DNA Strands exhibition – Blends of Existence
With photographs that come to life with silhouettes of two different pictures superimposed on one frame, Lukas Amakali has grabbed the attention of the arts world. This week the seasoned photographer opened his 9th solo exhibition with an array of works depicting his distinctive style of double-exposure photography at the Village Opera House. The exhibition is open to the public until the end of the month.
In this exhibition Amakali records two superimposed images on the same film to produce a special effect. Amakali creates blurry boundaries and brings to the foreground the beautiful simplicities of life by combining different subjects in one picture, telling stories of a diverse motherland with his photography.
Although some of the work is abstract, most of the photographs on exhibition have striking messages or blend perfectly together as if they were originally formed that way. A few examples of this include photographs such as ‘Rootsman’ in which Amakali utilizes the techniques of double exposure with great precision.
The artist captures a rastafarian, with his eyes contently closed and head basking into a shadow of tree roots, as if the tree roots are his dreadlocks, hinting at deep-rooted African rastafarian philosophies of living in accordance with the earth, symbolizing being at peace with ‘Jah’.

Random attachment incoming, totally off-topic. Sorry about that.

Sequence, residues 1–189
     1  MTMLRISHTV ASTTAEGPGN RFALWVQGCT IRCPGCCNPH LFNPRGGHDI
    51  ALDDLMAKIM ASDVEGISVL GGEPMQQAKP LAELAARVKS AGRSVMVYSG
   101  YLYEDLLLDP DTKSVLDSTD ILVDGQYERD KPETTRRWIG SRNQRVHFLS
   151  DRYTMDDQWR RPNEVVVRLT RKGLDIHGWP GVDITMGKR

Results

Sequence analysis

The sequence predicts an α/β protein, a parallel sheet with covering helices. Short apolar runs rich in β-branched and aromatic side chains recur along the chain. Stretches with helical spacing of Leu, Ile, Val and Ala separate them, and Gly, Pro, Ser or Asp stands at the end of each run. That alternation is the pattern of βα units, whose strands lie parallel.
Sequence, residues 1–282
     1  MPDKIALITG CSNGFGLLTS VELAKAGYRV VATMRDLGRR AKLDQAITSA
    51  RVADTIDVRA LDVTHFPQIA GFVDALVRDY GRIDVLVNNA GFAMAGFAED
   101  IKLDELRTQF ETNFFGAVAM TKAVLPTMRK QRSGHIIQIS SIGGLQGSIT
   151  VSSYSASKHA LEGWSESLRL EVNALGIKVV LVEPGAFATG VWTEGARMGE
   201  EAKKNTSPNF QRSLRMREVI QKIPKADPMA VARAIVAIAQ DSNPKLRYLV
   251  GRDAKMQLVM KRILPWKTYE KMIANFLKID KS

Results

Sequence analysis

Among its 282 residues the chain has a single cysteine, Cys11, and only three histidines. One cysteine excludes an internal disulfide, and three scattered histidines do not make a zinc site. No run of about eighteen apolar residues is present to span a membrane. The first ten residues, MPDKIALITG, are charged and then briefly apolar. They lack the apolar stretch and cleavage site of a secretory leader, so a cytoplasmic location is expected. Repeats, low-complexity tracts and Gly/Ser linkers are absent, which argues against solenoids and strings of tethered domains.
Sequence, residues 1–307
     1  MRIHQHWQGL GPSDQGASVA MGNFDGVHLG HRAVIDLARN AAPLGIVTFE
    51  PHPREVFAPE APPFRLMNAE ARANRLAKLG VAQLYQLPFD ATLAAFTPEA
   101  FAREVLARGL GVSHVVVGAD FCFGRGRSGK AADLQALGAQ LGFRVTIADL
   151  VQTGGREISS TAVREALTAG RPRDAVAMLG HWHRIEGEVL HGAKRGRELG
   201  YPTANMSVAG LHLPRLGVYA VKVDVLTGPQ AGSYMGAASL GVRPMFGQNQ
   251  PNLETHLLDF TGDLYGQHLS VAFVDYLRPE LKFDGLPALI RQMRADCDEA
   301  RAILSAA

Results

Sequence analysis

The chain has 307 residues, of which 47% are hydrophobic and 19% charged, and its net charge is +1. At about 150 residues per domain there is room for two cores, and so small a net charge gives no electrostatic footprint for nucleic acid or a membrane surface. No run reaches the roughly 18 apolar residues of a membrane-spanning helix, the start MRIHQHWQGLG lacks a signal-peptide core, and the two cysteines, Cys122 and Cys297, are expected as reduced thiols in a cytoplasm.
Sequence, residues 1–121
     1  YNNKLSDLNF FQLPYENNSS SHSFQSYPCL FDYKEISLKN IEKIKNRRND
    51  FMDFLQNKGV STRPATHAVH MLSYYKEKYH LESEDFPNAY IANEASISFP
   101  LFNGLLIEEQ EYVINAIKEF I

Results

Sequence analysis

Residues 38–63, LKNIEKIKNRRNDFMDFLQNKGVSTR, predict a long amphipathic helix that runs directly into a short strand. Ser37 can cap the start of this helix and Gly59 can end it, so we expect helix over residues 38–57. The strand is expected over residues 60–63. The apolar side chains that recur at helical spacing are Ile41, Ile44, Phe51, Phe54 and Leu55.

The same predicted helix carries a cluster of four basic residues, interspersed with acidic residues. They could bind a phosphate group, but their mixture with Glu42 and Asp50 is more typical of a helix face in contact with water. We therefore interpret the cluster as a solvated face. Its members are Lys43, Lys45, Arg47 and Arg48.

Amakali also combines elements of Oshiwambo culture with mobile urban dynamics, enabling the artist to create other possibilities of truth and to counteract old power imbalances. This is effortlessly portrayed when focuses his lens on the austere black and white scene of two young black men standing next to a street selling merchandise, and then amplifying the image by capturing a hazy out of focus stack of newspapers on top of this. The stunning result reminds the viewer of ‘newspaper boys’ that seem all too familiar to every Windhoek resident.
In this exhibition Amakali presents a wholistic approach through which to view the world pluralistically, with blurry boundaries and ordinary everyday experiences making his work charming without intrusion.